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Winter road conditions increase the risk of distracted driving

There's little doubt that distracted driving poses a substantial risk to anyone on public roads. Even the most attentive and careful driver could end up in a crash after crossing paths with someone distracted behind the wheel. The results could include serious injuries or even a death, as well as damage to the vehicles involved. Many states, including New Jersey, work hard to enforce laws against distracted driving, but it still happens.

While distracted driving is risky all year round, it is particularly dangerous during winter weather conditions. The winter roads can be incredibly unforgiving about any failure to control your vehicle and successfully notice upcoming issues, like a patch of ice ahead. This increased risk does little to prevent other drivers from distractions, sadly. Although you may drive carefully in winter weather, others may not.

People may need to text or call because they are running late

When there's snow or ice on the roads, the average speed of travel drops. For those who don't leave early to offset this increased driving time, the risk of arriving late at work is a real concern. When people realize that they won't make it to their work by starting time, they will probably pick up their cellphone to text or call their manager.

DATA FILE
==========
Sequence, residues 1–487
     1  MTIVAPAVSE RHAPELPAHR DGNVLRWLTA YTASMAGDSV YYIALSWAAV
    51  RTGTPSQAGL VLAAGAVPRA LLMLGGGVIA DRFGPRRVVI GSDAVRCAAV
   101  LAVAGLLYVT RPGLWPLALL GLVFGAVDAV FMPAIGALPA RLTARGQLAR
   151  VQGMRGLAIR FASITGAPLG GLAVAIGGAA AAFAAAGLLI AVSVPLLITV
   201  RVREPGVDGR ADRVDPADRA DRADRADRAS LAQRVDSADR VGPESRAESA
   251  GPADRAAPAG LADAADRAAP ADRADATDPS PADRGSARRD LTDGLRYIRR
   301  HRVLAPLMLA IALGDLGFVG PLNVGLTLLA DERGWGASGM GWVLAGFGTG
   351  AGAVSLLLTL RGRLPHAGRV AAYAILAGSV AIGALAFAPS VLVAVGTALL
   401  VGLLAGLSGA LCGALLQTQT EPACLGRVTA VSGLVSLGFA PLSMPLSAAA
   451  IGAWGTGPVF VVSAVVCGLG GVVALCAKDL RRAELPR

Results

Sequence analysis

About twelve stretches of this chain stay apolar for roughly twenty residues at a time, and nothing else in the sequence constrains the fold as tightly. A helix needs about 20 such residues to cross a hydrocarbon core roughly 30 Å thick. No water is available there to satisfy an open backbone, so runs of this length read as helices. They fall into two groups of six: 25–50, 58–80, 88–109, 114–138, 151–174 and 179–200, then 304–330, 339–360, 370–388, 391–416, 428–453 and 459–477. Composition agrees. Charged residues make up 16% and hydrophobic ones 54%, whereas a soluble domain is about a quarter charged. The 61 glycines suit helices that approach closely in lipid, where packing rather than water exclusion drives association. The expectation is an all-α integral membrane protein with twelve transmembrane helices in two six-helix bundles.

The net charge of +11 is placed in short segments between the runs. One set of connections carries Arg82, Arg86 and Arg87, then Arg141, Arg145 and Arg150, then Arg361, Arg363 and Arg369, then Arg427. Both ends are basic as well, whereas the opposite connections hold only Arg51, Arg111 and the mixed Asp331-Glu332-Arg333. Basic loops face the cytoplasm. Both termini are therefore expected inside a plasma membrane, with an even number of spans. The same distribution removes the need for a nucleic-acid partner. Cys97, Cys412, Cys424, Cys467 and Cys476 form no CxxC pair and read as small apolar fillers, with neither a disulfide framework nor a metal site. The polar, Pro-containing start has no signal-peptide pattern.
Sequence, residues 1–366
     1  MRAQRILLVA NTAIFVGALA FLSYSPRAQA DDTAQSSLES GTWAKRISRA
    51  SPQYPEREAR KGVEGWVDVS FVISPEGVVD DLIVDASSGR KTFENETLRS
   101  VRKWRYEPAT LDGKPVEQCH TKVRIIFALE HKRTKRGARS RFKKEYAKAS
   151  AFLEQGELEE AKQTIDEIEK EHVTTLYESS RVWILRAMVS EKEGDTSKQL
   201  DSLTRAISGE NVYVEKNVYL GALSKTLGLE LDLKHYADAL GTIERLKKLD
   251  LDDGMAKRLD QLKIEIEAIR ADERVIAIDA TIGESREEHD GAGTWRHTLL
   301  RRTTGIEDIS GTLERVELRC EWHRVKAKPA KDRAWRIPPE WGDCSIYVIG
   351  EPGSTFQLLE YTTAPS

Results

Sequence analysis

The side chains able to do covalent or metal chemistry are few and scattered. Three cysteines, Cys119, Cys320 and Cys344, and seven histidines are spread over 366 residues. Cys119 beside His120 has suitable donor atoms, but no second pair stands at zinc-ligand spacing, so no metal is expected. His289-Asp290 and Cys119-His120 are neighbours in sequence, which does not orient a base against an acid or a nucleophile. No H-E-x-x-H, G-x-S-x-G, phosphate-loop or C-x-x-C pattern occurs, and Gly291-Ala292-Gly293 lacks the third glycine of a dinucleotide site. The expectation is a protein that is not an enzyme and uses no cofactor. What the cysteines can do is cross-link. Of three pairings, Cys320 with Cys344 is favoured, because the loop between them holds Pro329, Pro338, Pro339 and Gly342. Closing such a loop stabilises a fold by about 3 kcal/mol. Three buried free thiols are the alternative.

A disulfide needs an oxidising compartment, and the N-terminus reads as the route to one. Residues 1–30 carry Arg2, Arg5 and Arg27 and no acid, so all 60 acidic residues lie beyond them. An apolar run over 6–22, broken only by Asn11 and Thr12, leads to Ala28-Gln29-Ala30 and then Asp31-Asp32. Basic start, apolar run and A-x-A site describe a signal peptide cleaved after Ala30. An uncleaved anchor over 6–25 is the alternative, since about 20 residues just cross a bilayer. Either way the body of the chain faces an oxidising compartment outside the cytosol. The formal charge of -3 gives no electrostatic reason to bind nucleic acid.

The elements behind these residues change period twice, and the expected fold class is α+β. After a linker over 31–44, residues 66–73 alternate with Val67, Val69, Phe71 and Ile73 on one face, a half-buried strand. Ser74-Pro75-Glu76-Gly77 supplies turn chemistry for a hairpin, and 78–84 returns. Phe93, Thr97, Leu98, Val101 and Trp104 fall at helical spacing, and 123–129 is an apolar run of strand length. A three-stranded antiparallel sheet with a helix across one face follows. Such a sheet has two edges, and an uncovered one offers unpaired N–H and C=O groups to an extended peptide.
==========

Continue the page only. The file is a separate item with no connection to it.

Doing so could prevent a write-up at work, but it could also result in a collision with another vehicle or sliding into a ditch. That's why it's so important to add time to your usual commute to ensure that you arrive in plenty of time to your destination. The time crunch that results from snowy roads is only one issues that can extend winter drive times. People who park outside may need to wait for their car to heat up or spend time scraping snow and ice from their windshield, windows and lights.

Distractions make people think they're making up lost time

All of that extra time in the morning, if not accounted for, could result in getting written up at work or other disciplinary action. Commuters, on seeing the condition of their car or the roads, could cut certain morning habits short, attempting to handle things like eating breakfast, putting on a tie or even applying make-up while en route to work.

Speeding to make up for slower traffic or taking your eyes off the road to engage in any other activity could have catastrophic consequences. It only takes a second to miss a vehicle skidding in front of you. Even if you take precautions, such as leaving early and never taking your eyes off the road or hands off the wheel, you risk encountering another driver who is not so concerned with safety.

The end result could be missed work, damage to your vehicle and mounting medical bills. If another driver's distraction ended up causing you injury or losses, you may want to explore your options for compensation, including a personal injury lawsuit against the other driver.

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